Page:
TRNSMT Glasgow: Police issue warning to fans ahead of popular Scottish music festival

People heading to TRNSMT in Glasgow this weekend have been told to ‘think before they act’ by a Police Scotland Superintendent.

People heading to TRNSMT in Glasgow this weekend have been told to ‘think before they act’ by a Police Scotland Superintendent (Photo by Jeff J Mitchell/Getty Images).

Police Scotland’s Superintendent Emma Croft has issued new warnings to gig-goers set to embrace the atmosphere at the highly-anticipated festival at Glasgow Green.

Superintendent Croft, who is the silver commander of the event, said ‘Operation TRNSMT’ will aim to support organisers DF Concerts during the three-day festival.

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In an interview with Glasgow Times, Superintendent Croft told festival goers to “think before you act” at the festival which will be on 11am to 11pm from Friday to Sunday.

She said: “Really, really take the opportunity to enjoy this. We are so pleased it’s back and it’s been put together in a very safe and assured way.

“Please do not ruin it for yourself or others – take it for what it is. Enjoy it.”

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After the festival was postponed for two years due to coronavirus restrictions, up to 50,000 festival attendees are now expected at TRNSMT each day.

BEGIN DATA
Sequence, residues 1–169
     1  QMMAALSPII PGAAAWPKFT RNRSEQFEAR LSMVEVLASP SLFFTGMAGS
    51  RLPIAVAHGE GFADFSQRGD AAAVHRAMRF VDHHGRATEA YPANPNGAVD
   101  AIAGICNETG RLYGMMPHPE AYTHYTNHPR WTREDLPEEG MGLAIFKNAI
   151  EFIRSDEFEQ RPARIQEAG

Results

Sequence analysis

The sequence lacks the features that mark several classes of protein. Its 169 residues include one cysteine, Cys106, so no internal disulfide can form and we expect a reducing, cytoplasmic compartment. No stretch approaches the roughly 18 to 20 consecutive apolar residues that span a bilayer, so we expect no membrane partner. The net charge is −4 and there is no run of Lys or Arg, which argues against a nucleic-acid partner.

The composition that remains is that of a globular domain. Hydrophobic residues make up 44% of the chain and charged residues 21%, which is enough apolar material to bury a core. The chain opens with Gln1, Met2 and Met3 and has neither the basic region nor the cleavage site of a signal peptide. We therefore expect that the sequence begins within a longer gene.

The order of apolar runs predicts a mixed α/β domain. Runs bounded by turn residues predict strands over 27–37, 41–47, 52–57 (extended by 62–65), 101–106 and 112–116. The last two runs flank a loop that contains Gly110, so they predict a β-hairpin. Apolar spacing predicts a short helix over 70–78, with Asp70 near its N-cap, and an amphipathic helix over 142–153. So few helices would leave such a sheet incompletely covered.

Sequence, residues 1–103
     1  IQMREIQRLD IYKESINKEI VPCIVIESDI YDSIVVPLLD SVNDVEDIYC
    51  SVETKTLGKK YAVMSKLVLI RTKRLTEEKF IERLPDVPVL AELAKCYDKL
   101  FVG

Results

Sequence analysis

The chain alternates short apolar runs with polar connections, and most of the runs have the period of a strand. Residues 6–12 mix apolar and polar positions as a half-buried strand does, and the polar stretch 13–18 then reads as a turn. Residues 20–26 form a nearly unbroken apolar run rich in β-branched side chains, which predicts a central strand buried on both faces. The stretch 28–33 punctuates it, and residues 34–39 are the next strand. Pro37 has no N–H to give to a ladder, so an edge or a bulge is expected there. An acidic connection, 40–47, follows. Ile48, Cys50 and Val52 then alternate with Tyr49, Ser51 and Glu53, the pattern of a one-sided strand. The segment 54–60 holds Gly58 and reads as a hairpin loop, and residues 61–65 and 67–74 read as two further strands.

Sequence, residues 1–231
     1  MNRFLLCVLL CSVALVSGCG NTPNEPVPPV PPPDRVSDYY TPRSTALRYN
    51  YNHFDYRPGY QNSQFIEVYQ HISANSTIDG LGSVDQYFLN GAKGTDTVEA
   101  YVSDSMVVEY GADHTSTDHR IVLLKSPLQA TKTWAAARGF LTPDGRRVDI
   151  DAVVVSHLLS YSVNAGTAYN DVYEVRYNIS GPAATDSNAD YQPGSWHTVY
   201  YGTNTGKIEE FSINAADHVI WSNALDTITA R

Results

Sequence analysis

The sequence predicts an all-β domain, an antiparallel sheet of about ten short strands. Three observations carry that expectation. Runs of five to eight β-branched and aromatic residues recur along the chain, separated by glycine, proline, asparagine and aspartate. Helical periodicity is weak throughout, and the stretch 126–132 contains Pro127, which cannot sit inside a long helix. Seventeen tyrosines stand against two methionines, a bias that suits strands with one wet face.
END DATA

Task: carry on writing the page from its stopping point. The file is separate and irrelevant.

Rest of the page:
Covid measures at the event include making it compulsory for those attending to take a lateral flow test within 48 hours of arrival.

Big names such as Oasis frontman Liam Gallagher, West Lothian’s The Snuts, The Courteeners and electronic duo The Chemical Brothers will take to the main stage over the weekend.

Other popular artists and bands such as Joy Crookes, Twin Atlantic, Snow Patrol, Blossoms and AJ Tracey will also be playing.

The level of police presence will vary between 40 to 50 uniformed and plain-clothed officers over the festival period with officers stationed inside the concert and out in the community.

Croft said: “We’re really pleased that it’s back in town and we’ve been working very closely with the event organiser, as you can imagine, after the last 18 months that we’ve been off events.

“To us, it’s very much about that supporting act. We’re very much there to provide that visible presence to the event, to the staff at the event and more importantly to the customers at the event.

“But we’ve got a duty to do as well.”

Specialist officers will supervise the event, including Police Scotland’s mounted unit and dog unit.

An events room in Govan Police Station will also be used to oversee the entire policing operation for TRNSMT.

Superintendent Croft added: “This event is very much to be enjoyed for what it is – for its music and everyone getting the opportunity to gather together.

“It’s the first time in Scotland that we’ve run such an event in the last two years. Drugs in any quantity can be extremely dangerous, we know that.

“My advice would be absolutely do not decide to take drugs in with you. We have an enhanced search that would prevent you from coming in, in the first place.

“Think about your time here and how much you could ruin it.”

The superintendent is also urging goers to not use flares, saying: “They are an unknown, in terms of the damage that they can do, and we’ve widely seen that with injuries that can be caused to yourself and others.

“I don’t think the artists would appreciate it and certainly we don’t know the damage that they can do – so please don’t.”

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